Secret OSU board meetings questioned

Briefing sessions may be violation of Sunshine Law

Saturday, July 10, 2004

Kathy Lynn Gray
Reprinted by Permission

Ohio State's Board of Trustees has been meeting in secret before monthly meetings without notifying the media or the public.

Yesterday, eight of 11 members met privately with President Karen Holbrook for more than an hour at the Longaberger Alumni House near campus before their board meeting.

The meetings might violate Ohio's Open Meetings Act, adopted to make sure public bodies operate in public.

With few exceptions, the act, known as the Sunshine Law, requires public officials to notify the public if they are holding prearranged gatherings with a majority of members to discuss or conduct business.

Chairman Tami Longaberger would not share any details of the private meeting, but said Holbrook briefed the board about university issues. Holbrook said those issues included opposition to expansion at OSU's Don Scott Field.

Virginia Trethewey, an attorney for the board, called it a "briefing session," not a meeting.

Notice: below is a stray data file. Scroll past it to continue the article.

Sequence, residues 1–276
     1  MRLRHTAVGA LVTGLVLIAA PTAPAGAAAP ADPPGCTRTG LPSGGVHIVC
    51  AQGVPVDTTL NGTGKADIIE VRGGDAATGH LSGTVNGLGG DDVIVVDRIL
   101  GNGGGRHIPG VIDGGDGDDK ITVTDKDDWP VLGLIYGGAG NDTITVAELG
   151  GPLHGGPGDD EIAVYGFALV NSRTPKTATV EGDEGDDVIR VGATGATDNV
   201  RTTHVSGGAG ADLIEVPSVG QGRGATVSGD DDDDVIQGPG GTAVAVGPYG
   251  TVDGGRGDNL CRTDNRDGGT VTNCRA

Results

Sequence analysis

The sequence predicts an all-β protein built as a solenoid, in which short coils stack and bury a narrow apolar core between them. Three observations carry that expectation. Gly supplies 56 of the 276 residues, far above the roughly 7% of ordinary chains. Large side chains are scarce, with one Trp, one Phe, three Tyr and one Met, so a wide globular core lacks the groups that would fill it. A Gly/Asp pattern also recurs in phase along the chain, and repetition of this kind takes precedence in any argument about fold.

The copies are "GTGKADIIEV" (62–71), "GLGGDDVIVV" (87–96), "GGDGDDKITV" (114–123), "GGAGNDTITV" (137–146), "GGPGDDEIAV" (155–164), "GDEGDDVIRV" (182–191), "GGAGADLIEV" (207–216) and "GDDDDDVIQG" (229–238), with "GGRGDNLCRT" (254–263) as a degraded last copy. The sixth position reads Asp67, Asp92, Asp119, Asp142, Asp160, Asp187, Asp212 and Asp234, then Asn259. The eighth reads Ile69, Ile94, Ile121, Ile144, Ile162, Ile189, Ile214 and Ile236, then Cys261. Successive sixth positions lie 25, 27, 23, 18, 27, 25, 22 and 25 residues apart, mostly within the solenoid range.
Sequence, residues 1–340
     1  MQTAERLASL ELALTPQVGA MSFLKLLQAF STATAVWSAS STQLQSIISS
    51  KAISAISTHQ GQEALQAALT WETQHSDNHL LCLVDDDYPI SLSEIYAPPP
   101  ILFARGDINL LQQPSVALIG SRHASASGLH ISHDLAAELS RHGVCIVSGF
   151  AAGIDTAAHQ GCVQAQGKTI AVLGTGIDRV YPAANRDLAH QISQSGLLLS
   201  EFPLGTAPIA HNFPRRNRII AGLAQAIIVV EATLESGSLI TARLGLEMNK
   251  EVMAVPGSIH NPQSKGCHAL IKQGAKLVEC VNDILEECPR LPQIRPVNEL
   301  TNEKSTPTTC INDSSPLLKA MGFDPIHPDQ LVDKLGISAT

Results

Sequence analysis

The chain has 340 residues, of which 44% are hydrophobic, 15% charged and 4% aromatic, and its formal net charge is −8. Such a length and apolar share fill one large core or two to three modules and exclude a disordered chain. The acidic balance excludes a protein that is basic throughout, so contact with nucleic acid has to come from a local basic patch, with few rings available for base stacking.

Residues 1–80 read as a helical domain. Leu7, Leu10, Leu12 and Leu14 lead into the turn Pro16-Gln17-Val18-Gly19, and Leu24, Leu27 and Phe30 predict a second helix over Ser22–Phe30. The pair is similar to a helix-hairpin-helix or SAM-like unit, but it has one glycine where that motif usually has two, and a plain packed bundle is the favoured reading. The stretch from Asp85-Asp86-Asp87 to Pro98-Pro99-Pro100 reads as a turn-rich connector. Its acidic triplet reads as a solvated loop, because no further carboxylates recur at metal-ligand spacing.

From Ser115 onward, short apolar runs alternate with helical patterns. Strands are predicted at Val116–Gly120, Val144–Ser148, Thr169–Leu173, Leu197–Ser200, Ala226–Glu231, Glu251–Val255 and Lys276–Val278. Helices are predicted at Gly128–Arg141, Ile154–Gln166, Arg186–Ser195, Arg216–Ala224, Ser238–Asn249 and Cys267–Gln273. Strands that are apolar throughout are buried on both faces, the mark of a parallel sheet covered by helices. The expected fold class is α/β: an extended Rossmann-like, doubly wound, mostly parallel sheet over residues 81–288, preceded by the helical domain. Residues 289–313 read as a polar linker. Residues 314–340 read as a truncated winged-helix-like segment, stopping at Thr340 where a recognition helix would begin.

She said there were no discussions and that members asked questions and listened to administrators talk.

"My stance is a briefing session is permissible under the Sunshine Law," she said. "No decisions were entertained or made."

She said a similar briefing took place before the June meeting.

According to the Ohio attorney general's office, the Open Meetings Act requires "public bodies to take official action and to conduct deliberations upon official business in open meetings."

Public bodies can meet in executive or closed sessions for specific reasons that include personnel matters.

In its 2004 publication about the Sunshine Law, the attorney general's office notes that some courts have found that "a gathering of a public body is not a meeting" if the officials "act only as passive observers in a ministerial fact-gathering capacity or informational session. The simple presentation of information to a public body, without more, may not be discussion."

The office adds that a "discussion" would be "an exchange of words, comments or ideas."

Before Longaberger became chairman in May, The Dispatch had for several years attended some breakfast-discussion meetings held before regular board meetings. These meetings, too, had been considered closed by some previous chairmen until The Dispatch protested.


This article is also available at the dispatch.com.

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